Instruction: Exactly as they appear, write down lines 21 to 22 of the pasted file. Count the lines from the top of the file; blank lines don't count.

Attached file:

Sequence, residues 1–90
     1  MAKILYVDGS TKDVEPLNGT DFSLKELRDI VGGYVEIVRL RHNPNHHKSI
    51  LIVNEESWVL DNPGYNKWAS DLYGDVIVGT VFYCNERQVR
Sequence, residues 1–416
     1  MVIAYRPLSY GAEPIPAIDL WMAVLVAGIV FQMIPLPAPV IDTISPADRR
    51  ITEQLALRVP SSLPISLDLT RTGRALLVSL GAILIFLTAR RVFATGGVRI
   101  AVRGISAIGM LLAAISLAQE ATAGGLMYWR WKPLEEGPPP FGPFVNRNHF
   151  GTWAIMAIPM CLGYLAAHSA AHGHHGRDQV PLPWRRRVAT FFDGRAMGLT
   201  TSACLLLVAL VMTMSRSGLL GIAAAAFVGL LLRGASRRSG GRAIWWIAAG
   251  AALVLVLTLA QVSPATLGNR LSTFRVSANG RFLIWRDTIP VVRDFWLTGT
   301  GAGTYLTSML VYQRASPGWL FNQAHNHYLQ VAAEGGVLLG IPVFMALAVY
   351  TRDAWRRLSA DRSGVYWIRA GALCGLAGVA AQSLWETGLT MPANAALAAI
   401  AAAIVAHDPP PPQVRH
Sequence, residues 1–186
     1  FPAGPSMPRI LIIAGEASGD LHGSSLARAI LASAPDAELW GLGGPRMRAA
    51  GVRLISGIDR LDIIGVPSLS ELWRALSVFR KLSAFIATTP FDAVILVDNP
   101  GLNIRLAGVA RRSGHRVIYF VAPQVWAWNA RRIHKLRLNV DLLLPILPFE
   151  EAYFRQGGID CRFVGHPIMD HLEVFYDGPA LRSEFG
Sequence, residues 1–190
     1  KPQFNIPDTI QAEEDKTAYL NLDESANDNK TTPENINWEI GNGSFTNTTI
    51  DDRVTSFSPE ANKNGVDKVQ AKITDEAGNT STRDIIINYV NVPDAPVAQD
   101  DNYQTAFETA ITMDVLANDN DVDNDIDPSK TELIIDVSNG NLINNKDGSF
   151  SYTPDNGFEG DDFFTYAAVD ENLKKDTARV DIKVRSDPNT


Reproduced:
    51  DDRVTSFSPE ANKNGVDKVQ AKITDEAGNT STRDIIINYV NVPDAPVAQD
   101  DNYQTAFETA ITMDVLANDN DVDNDIDPSK TELIIDVSNG NLINNKDGSF